HOUSEHOLD HINTS. [Newspaper Article] — Berwick Shire News and Pakenham and Cranbourne Gazette — 26 August 1914
s ROSEU8s.D HINTS. To emove the mark of a scorch et whlatever is seonc with cold water and pece it in tue son. When dry. the mark will have di appeared. If yon want pork crrckling to ie rrisp inatPnd of tough whent cooked rub it -eil over with salad oil. and then sprinkle it with fine salt and cook in the usual way. When milk is scorched while hoil ing. rermo:e the pan from the fire and place it in iold water. Put a pinch of salt in the milk and stir it up. and the brent taSte 'ill dis appear. To keep patent leather ahoan in good condition, rub them with a hlittle olive-oil on a piece of wool, then polish with a clean soft rag. This will keep the leather from cracking. For chronic night cough try tak ing a tenspoonlul of whisky and pure glycerine in equal parts. Trhis can be kept in a bottle by the bed in case of need, and will be found invaluable. To clean linoleum without wash ing. remove all the dust, then take o bit of flannel sprinkled with paraffin and rub the linoleum. It wil...
Advertising [Newspaper Article] — Berwick Shire News and Pakenham and Cranbourne Gazette — 26 August 1914
A NEW STORY Of great interest Will be Commenced Next Week. Jiono0,shs of 4a~ J7cuwnl q'· 'vm d( ' WE LSBACH THE WORLD'S BEST FOR COUNTRY LIGHTING. Air Gas Machines. 'Th Welebach A:r G o Man can woik b LIhtng, H051 log and Coch hog. e i;ru!: non with all cun Machlnce aO. to provo th!l wo will put a mbchlne In for oro month free .I chabrge, fnd if nct suit Ohlie, will removo a.me free f alI coot to you. Wrfte flor Catalogae. WELSBACH LIGHT COMPANY OF AUST.7ALASIA LIMITED, rarc. IL)NRQALLS ST.. MFLOUGUDEL DON'T WORRY N·I BE SURE IT'S SWOLFE'S - SCHNAPPS LOOK FOR THE NAME! TO INVLNTORS PATENTS Obtained in Commonwealth and Nis. where for improved methods of Appli anees. Tools, eto, oa any desrlption. Full Information. Costs., etc., sent on application to A. O. BAOCSE, G.E. AUSTRALIAN WIDOWS' FUND BULLDINGS. Corner Col!ins and William ts., IVELSOURNE Adam had his troubles, but he was never awakened in the middle of a cold night to hear Eve whisper, in terrified accents, "There's a burglar...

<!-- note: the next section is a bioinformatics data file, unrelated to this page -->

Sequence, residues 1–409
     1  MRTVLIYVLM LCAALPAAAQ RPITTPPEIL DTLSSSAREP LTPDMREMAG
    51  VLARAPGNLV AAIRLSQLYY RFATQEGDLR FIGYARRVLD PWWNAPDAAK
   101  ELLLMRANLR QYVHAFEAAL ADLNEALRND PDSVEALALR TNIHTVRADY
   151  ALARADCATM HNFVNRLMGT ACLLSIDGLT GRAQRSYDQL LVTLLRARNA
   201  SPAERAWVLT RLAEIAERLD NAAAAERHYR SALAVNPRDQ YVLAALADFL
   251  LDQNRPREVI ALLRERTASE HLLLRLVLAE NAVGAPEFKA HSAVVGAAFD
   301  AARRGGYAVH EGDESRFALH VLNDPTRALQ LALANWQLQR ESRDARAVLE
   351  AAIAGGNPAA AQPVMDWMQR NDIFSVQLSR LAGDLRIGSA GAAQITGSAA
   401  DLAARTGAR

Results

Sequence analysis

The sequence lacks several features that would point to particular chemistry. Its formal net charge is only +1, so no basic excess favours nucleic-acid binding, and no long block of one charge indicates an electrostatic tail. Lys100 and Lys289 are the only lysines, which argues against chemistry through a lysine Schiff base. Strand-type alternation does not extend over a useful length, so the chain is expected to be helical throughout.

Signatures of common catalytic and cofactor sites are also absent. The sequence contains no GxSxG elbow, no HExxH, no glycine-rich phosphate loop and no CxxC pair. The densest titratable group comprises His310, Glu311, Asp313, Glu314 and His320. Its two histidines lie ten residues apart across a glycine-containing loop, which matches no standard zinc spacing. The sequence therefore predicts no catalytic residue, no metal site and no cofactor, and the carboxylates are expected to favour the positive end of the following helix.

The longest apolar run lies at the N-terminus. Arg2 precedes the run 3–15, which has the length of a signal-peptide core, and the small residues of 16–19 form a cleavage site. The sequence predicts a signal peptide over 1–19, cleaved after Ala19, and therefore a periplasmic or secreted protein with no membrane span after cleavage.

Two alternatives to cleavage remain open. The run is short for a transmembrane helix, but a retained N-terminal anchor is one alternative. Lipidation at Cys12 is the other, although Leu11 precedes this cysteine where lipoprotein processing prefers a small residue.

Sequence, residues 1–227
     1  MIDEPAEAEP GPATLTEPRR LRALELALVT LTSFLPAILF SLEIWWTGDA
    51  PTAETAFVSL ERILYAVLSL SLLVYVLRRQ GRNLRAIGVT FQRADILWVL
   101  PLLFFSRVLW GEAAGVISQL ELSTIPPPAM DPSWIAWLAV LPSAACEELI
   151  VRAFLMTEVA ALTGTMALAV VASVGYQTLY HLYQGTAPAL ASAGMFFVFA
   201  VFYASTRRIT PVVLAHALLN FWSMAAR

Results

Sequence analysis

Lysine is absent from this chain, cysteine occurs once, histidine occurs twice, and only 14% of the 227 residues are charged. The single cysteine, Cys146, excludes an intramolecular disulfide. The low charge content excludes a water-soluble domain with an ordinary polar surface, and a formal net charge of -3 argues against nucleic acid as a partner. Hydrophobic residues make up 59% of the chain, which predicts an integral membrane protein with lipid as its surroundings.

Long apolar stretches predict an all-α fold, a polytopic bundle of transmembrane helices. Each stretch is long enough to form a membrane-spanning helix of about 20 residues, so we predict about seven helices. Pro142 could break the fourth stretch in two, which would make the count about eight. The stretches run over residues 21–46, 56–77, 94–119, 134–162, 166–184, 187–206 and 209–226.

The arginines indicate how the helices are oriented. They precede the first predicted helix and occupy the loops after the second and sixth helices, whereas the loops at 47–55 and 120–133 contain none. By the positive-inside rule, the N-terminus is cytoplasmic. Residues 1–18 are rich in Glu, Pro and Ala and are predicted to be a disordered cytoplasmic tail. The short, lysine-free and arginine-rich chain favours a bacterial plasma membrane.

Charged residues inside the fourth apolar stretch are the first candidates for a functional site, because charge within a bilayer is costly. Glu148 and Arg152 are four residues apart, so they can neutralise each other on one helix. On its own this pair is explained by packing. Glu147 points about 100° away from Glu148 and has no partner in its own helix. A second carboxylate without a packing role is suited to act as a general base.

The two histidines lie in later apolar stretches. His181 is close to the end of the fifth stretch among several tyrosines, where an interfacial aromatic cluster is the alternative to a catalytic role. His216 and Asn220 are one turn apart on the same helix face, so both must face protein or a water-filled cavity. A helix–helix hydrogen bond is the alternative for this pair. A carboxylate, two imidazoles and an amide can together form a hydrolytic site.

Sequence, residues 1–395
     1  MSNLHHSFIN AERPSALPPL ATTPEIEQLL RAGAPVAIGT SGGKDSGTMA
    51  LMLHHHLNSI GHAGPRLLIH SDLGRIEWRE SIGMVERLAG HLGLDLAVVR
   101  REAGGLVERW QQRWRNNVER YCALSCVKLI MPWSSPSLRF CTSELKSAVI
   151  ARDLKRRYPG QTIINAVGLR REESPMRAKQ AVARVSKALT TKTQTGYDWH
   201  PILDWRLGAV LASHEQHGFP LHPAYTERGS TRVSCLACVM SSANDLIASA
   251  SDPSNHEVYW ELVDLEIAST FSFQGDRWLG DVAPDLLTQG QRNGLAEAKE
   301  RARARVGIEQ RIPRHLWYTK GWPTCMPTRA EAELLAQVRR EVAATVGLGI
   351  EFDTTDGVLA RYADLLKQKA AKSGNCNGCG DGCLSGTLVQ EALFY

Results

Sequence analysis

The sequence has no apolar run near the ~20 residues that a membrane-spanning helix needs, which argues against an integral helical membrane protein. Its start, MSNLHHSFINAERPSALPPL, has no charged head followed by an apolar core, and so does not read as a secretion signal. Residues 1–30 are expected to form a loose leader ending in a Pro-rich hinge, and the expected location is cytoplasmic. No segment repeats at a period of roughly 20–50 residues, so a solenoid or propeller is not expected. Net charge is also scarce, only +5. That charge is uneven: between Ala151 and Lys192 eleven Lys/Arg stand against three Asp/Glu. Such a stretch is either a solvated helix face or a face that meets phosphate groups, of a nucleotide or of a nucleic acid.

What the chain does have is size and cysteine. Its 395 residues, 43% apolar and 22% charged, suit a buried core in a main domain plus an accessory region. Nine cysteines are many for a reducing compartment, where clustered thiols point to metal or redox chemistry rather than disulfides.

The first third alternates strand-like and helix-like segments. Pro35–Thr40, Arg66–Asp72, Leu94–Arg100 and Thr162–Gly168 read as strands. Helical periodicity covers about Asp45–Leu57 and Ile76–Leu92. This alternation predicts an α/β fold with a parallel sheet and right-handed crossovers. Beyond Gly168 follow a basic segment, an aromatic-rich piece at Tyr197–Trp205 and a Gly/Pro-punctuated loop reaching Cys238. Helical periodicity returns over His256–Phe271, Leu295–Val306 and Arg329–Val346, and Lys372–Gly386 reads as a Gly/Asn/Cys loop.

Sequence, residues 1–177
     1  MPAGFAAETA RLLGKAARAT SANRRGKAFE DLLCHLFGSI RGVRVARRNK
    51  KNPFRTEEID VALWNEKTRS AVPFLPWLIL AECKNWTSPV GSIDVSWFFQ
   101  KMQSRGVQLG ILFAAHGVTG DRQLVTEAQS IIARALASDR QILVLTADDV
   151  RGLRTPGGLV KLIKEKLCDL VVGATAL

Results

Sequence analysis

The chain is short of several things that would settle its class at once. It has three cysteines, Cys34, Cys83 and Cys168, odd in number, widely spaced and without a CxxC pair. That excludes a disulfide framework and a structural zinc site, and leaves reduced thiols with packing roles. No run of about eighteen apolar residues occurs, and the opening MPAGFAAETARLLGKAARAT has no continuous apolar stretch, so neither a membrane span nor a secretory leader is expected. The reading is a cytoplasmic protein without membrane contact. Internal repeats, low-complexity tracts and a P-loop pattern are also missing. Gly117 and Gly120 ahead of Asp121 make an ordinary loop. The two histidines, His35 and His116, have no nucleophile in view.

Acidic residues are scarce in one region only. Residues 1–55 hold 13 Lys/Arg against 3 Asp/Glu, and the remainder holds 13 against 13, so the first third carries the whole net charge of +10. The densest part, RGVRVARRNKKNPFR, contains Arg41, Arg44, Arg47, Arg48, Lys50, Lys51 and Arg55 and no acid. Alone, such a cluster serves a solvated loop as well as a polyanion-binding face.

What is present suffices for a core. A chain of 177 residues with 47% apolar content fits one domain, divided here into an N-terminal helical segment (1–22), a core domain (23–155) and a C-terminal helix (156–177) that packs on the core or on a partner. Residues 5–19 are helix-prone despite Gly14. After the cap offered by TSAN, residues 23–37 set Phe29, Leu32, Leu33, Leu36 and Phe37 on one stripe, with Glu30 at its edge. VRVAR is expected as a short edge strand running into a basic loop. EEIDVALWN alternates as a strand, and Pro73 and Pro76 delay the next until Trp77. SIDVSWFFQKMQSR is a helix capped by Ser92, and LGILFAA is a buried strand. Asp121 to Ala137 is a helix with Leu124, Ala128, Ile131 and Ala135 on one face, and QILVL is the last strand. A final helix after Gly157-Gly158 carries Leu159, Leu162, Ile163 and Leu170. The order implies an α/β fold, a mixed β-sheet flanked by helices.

HOSPITALITY EXTRAORDINARY. Where Strangers Are Made Comfortable. [Newspaper Article] — Berwick Shire News and Pakenham and Cranbourne Gazette — 26 August 1914
HOSPITALITY EXTRAORDINARY. Where Strangers Are Made Comfortable. In South Africa, amongst the na tives, there !s a custom which has never been mentioned by any travel ler in his tales. In the Transke!, Bas utoland, and Bechuanalandl nearly every fair-sized village has a field set apart for strangers. In a village where the king resides, usually his chief wife is told off to cultivate this field and to store away all the pro duct In the upper part of her hutr, and it in any adjacent village some chief woman is saddled with the work. No man of the tribe Is.per mitted to touch any food thus stored. The king's wife, or whoever culti vates the land, takes her share of the product, and makes her living out of It, but all over and above the amount actually consumed mIust be set aside and preserved. She may not trade with any other Tvwife of. the king. This field is known as the "Stran- ger's Field." WVhenever a stranger comes to the village, he makes known his wants to the king, and he Is ...